World Time Clock exhibition marks time at Shanghai Aurora Museum

Wang Jie
"World Time Clock – Bettina Pousttchi," is a solo show of 24 large black-and-white photographs, with each depicting a public clock in different world cities showing the same time.
Wang Jie
World Time Clock exhibition marks time at Shanghai Aurora Museum

Artist Bettina Pousttchi appears in front of some of her clock images.

World Time Clock exhibition marks time at Shanghai Aurora Museum

Berlin Time, 2012, 180 x 225 cm, C-print

"World Time Clock – Bettina Pousttchi," an exhibition showing at the Shanghai Aurora Museum through December 17, delves into hidden meanings of time and space.

Bettina Pousttchi, a prominent figure in contemporary art in Germany, brings 24 dauntingly sized black-and-white photographs to her solo-exhibition, with each depicting a public clock in different cities around the world showing the time of 1:55.

Pousttchi, who established her global reputation through sculpture, photography, video, and site-specific large-scale installation, started her "World Time Clock" photo project in 2008. Since then, she has travelled around the globe to photograph in any time zone of the world a public clock at the same time. The activity of travelling to all these places is an integral part of the concept of a performative work. To realize her project, the artist visited many different cities worldwide, among which were Sydney, Shanghai, Seoul, Hong Kong, New Delhi, and Auckland.

Beyond a few individual trips, she circumnavigated the globe twice in one journey, visiting eight different places within 27 days.

The photographs collectively create a "Photographic World Time Clock," hinting at global simultaneity and imagined synchronicity, and disregarding time zones. "The World Time Clock" underscores the global networks that span the world, propelled by increased mobility and digital communication.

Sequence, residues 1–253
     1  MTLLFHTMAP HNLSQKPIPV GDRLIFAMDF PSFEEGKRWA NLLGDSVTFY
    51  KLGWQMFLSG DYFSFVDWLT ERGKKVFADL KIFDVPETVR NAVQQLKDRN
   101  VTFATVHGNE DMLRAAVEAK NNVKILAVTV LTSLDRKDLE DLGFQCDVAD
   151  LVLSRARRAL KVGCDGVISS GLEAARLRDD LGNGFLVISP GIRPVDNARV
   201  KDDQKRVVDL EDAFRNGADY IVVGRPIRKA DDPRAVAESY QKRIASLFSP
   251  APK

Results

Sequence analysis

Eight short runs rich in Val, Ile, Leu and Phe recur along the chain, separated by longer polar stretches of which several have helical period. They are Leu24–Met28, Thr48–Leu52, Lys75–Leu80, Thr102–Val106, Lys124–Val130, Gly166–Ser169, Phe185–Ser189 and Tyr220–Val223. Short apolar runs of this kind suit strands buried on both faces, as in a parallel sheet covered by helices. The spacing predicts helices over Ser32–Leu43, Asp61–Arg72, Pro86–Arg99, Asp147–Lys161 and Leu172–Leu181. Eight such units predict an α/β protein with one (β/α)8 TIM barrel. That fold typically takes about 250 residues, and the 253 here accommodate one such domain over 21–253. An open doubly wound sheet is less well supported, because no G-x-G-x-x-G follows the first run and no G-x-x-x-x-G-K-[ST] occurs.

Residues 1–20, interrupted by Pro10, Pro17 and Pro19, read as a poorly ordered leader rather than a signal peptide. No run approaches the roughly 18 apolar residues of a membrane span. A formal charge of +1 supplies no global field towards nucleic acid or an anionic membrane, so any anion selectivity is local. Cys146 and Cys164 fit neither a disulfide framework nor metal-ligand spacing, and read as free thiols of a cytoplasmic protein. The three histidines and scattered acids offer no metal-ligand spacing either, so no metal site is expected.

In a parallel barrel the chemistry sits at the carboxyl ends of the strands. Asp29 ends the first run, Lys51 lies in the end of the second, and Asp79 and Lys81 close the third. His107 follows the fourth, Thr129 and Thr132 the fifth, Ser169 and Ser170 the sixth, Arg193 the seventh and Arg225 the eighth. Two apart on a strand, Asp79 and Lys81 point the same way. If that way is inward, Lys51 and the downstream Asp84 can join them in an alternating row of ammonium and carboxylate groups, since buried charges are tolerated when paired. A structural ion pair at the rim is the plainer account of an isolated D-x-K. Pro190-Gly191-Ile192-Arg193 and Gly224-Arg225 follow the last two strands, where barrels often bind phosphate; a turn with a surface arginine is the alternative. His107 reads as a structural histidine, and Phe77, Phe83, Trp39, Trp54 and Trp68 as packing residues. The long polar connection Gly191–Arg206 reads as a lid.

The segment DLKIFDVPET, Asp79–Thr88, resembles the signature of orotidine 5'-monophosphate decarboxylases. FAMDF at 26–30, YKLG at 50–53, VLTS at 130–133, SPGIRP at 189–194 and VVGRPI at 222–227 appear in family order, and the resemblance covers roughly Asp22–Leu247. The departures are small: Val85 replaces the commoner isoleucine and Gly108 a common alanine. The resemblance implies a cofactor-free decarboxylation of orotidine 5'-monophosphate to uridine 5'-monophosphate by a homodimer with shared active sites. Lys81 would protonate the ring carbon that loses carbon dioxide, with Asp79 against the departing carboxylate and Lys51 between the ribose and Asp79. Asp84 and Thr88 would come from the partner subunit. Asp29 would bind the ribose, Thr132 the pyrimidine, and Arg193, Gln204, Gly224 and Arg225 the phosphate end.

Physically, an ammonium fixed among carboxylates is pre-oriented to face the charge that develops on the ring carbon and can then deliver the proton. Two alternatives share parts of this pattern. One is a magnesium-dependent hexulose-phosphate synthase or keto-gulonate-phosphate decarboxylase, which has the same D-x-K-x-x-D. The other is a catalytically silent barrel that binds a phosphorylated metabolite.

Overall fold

World Time Clock exhibition marks time at Shanghai Aurora Museum

Shanghai Time, 2008,180 x 225 cm, C-print

As an entity, the "World Time Clock" forms a typology of an urban object that is vanishing: the public clock, which has become a relic of the analog age in our era.

"Clocks on public buildings such as city halls, bell towers, and post offices are becoming increasingly rare," Pousttchi said.

When asked why the time chosen was 1:55, the artist had an answer.

"In advertising, watches are always shown at 10 minutes past 10 to form a 'Happy Face.' While in the moving image, 5 minutes before noon is a common representation to construct suspense," she explained. "I combined these two visual memories and chose my own time: 1:55pm for all the clocks."

It is interesting that even though the photos zoom in the clock itself, so it is hard to see the overall picture of the building, visitors still find it easy to relate to the cities they are familiar with.

"I am sure the local visitors here would immediately decipher which clock is from Shanghai," she said with a smile.

Exhibit Info:

Date: Through December 17 (closed Mondays), 10am-5pm (Tuesday-Thursday, Saturday and Sunday), 10am – 9pm (Friday)

Venue: Shanghai Aurora Museum

Address: 99 Fucheng Rd


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